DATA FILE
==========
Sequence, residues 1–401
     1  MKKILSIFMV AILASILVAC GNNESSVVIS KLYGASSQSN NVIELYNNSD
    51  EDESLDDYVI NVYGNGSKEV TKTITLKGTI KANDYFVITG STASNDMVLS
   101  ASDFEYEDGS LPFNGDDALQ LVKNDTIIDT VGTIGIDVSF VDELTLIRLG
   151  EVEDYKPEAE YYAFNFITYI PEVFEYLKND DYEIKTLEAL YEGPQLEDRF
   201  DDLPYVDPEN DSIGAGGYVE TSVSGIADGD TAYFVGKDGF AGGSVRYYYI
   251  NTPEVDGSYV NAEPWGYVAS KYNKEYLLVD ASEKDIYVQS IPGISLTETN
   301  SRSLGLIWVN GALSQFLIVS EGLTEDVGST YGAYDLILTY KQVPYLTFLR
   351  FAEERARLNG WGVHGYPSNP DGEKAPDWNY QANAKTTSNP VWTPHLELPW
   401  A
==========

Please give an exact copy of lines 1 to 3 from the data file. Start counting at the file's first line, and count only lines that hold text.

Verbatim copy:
Sequence, residues 1–401
     1  MKKILSIFMV AILASILVAC GNNESSVVIS KLYGASSQSN NVIELYNNSD
    51  EDESLDDYVI NVYGNGSKEV TKTITLKGTI KANDYFVITG STASNDMVLS